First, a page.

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Taco Bell: A Case Study

by Timothy Martell on October 1, 2012

Taco BellIt’s time for another Wikimotive Case Study. You may remember the last one we did on ThinkGeek.com. This time we want to talk about a fast food juggernaut that has served billions across the globe. We want to talk about a paragon of virtue to anyone who has ever been stumbling and starving at 1 am. We want to talk about the pioneers of such revolutionary ideas as Fourthmeal.

We want to talk about Taco Bell.

Specifically, we want to talk about Taco Bell’s Twitter account and their social media marketing. If you’re a company that deals with consumers in a large volume, Taco Bell should be the model for your own Twitter page. We know it’s hard to believe, so let us give you a quick overview of why they’re so great.

The Design: The taco empire nails the fundamental rules of Twitter design. Their page is artfully designed and immediately identifiable. Their profile photo is a stylized version of their logo, and is also instantly recognizable. Additionally, they include their current slogan and a link to their main website.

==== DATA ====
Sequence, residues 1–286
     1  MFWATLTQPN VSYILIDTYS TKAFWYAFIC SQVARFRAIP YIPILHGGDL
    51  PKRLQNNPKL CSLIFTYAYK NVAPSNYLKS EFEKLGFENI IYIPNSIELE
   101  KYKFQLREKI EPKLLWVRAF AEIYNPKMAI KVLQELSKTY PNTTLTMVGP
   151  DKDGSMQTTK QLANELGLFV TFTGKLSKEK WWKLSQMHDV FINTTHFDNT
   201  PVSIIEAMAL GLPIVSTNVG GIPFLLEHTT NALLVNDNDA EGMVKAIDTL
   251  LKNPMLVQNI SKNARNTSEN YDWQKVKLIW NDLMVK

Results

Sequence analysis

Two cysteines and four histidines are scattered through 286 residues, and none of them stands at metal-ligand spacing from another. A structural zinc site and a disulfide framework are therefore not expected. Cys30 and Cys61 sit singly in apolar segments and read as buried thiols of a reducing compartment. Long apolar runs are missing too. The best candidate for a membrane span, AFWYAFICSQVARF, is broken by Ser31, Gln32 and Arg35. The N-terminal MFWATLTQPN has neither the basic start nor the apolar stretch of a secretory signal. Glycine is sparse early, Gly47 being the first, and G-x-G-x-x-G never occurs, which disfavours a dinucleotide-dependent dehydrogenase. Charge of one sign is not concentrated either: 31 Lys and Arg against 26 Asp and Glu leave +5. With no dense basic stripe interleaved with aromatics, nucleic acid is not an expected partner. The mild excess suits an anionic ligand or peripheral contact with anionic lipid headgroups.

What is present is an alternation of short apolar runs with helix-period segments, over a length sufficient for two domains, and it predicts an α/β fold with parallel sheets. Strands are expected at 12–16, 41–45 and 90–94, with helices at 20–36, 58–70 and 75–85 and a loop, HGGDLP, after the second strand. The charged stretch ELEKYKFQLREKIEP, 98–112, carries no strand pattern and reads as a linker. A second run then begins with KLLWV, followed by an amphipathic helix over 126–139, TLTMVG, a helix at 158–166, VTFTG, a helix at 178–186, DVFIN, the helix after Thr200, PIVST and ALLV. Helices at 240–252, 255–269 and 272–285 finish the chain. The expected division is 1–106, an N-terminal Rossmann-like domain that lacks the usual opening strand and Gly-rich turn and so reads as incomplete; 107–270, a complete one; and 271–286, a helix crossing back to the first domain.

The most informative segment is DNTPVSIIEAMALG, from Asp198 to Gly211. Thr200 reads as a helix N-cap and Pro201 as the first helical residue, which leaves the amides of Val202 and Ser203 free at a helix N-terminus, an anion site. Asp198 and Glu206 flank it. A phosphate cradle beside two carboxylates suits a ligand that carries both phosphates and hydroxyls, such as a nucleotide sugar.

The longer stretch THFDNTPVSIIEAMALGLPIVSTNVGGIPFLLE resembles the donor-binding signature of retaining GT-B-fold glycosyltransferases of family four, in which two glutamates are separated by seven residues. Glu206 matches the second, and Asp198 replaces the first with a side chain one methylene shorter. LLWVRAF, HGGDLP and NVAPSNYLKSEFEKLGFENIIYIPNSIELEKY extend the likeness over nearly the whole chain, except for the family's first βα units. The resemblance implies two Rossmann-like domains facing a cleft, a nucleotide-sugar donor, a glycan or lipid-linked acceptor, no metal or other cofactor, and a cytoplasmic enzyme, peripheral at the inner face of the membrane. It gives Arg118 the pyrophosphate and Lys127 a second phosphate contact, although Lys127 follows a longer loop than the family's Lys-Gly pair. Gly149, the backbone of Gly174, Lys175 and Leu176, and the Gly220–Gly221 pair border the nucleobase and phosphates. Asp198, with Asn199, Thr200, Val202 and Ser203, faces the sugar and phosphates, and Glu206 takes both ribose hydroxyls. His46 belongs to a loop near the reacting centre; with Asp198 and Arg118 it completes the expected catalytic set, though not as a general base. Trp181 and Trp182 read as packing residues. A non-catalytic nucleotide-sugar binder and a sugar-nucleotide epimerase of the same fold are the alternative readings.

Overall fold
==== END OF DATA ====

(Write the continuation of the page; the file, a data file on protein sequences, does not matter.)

The Posts: Taco Bell handles posting well in a couple of ways. First, the unique posts they make are never to sales-oriented. They are usually funny, and take advantage of whatever hashtag is trending. Here are a couple examples:

#IfWeGoOutJustKnow my Taco Bell order by heart. #10ThingsIGetAlot “Do you sell bells?”

Secondly, they almost always include a picture with their Tweets, which has been shown to dramatically increase interaction.

The Interaction: Interaction with customers is where Taco Bell really shines. They have someone monitoring Twitter for posts that mention their name and products, and they come back with funny replies. Not only does this spread goodwill and brand awareness, it actually makes people post about them, hoping to get replied to, so that they show up on the brand’s page! Here are a couple examples they knocked out of the park:

User’s post: No one will take me to Taco Bell. My day is ruined. @TacoBell TB reply: Why, cruel world, why?
——–
User’s post: Selling my soul for Taco Bell

TB reply: That’s not necessary. Our food prices are very reasonable.

It may seem silly, but these little replies go a long way with people. Taco Bell just shows how you should user Twitter and other forms of social media. It’s not for a hard sell; it’s for humanizing your brand. It shows that you aren’t just a faceless business; you’re made up of people, people who care.

Do you need help becoming more engaging on social media? Having trouble keeping your audience interested? Contact Wikimotive for a free evaluation of your social media efforts and advice on how you can improve.

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